A set of 4-Acetylamino-2-(3,5-dimethylpyrazol-1-yl)-6-pyridylpyrimidinesreported by Zhang et al. [8] (Table 1) were studied. The adenosine plays an important role as a neuromodulator in the central nervous system through interaction with its receptors A1, A2A, A2B, and A3, that are widely distributed in body tissues causing vasodilation, bronchoconstriction, immune suppression, among others effects [28]. Specifically, the compounds reported by Zhang et al. are associated with receptor antagonist activity A2A [8].
Structures and inhibitory activity of compounds analyzed.
Compound
R
pKia
hA2Ab
hA1c
1
Ph
−1.9395
−2.4623
2
3-pyridyl
−2.0792
−3.3222
3
4-pyridyl
−1.6021
−2.9138
4
3-MeO-Ph
0.0362
−1.8129
5
2-F-3-MeO-Ph
0.2218
−2.0414
6
3,5-di-MeO-Ph
0.7212
−1.3424
7
5-MeO-3-pyridyl
−0.3617
−2.2788
8
5-OH-3-pyridyl8
−0.4623
−2.2900
9
5-(2-methoxy-ethoxy)-3-pyridyl
−0.4914
−2.0414
aExp: biological activity (nM) expressed as -logKi MCH-R1 antagonists.
bSpecific in the binding at hA2A receptors expressed in HEK293 cells.
cSpecific in the binding at hA1 receptors expressed in HEK293 cells.
2.2. Molecular Alignment and Computational Details
In the Molecular Quantum Similarity (MQS) field the molecular arrangement or alignment of the molecules has played a central role. Due of this dependence have been proposed by many alignment methods. Ranging from those used in CoMFA and CoMSIA methods which are in three dimensions (3D), allowing get maps steric, electronic and hydrophobic, among others [29, 30]. Gironés and Carbó-Dorca have implemented the alignment method based on the Topo-Geometrical Superposition Algorithm (TGSA) [31]. This method is based on the comparison of the types of atoms, distances between them, and the recognition of the largest common substructure in the aligned molecules; in this sense other alignment methods were presented in the quantum similarity [32].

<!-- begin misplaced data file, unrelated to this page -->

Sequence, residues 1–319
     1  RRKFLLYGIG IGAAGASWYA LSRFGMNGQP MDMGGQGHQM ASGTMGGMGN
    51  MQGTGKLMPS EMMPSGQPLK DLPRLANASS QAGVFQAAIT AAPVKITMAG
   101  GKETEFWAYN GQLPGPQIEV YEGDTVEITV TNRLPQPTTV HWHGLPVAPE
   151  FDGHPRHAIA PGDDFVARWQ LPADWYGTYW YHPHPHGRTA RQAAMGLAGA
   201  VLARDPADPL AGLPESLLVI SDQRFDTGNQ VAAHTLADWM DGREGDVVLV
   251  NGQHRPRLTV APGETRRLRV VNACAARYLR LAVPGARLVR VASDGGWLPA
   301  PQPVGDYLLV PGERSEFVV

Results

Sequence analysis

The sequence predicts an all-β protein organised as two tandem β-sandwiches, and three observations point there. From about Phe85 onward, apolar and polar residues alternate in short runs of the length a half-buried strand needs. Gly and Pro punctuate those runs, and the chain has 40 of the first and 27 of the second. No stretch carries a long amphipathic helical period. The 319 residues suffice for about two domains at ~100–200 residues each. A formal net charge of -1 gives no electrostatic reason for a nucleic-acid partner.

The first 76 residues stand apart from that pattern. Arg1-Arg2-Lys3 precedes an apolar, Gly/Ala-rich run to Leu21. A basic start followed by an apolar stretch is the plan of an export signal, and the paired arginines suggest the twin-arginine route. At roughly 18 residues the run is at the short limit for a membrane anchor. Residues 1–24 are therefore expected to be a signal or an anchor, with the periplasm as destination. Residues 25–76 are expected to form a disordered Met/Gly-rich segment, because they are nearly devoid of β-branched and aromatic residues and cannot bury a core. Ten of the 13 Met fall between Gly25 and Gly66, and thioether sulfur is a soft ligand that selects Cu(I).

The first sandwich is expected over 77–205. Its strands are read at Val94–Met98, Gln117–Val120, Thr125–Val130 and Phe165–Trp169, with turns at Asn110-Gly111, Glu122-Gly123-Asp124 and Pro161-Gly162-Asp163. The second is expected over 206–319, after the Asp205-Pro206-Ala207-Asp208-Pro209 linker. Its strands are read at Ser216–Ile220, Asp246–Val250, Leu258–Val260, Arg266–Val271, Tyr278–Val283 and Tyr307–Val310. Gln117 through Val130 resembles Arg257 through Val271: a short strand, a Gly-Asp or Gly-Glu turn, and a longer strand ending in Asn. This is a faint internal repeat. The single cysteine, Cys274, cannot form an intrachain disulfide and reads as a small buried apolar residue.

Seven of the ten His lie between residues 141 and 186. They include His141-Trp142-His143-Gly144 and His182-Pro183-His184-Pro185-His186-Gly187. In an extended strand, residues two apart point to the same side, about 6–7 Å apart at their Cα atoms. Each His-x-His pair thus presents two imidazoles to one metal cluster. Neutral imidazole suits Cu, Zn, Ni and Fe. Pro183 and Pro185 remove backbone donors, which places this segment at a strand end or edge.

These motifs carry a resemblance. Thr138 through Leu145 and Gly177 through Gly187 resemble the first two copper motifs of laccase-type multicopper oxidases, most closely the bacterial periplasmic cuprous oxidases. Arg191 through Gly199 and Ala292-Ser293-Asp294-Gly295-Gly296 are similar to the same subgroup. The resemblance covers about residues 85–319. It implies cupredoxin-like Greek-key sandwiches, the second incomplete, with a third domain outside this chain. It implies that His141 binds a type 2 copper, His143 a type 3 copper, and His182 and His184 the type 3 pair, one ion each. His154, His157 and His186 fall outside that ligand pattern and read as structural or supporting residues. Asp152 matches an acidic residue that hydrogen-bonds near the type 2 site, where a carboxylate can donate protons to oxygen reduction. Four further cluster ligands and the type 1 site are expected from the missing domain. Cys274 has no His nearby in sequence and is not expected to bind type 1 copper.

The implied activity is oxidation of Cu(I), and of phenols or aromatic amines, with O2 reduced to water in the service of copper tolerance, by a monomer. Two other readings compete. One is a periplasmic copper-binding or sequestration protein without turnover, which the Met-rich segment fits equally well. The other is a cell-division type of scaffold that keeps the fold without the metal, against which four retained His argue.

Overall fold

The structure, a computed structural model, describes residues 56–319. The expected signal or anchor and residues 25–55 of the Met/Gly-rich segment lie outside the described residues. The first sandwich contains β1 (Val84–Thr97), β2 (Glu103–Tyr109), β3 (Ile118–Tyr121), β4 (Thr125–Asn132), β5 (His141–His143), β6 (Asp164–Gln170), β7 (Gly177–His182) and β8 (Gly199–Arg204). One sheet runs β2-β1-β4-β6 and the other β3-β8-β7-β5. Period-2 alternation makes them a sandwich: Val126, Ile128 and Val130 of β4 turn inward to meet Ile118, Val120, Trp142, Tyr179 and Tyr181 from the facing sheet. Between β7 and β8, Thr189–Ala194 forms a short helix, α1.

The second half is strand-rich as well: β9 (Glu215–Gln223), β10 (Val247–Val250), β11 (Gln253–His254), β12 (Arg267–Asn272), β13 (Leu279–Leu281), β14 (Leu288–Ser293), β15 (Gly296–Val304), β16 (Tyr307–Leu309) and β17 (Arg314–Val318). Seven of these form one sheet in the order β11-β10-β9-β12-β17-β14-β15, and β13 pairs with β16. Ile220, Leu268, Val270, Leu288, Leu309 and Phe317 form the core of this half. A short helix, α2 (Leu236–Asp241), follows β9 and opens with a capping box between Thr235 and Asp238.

In this study the similarity measures can be approximated as Fa=Fm+fsi and Fb=Fm+Ft1 where Fa and Fb are density functions of two different molecules, Fm is the common part to both functions, and Fs1, Ft1 represent the parties associated with the substituents of each compound analyzed (asymmetric carbon). The similarity provided by the partition of molecular space in this study is used to rationalize and quantify steric and electrostatic effects, through the proposition of scales of quantitative convergence, allowing us to obtain insights into atoms in molecules, aromaticity, among others [26, 27].
In this contribution all the molecular structures were optimized with the program Gaussian 03 [33] using DFT methods with the B3LYP exchange-correlation functional [34, 35], together with standard 6-31G* base set [36].
2.2.1. Theory and Computational Details
All the geometries were optimized using the Gaussian 03 suite of programs [33] by means of Becke’s three-parameter hybrid method with the Lee-Yang-Parr correlation functional, abbreviated as B3-LYP [34, 35], and the split valence 6-31G(d) [36].
2.2.2. Similarity Indexes
The quantum similarity field was introduced by Carbó-Dorca and coworkers [9–15]; they defined the quantum similarity measurements ZAB between molecules A and B with the electronic density ρA(r) and ρB(r) taking into account the minimization of the expression for the Euclidean distance as
(1)DAB2=∫|ρA(r)-ρB(r)|2dr=∫ρA2(r)dr+∫ρB2(r)dr-2∫ρA(r)ρB(r)dr=ZAA+ZBB-2ZAB.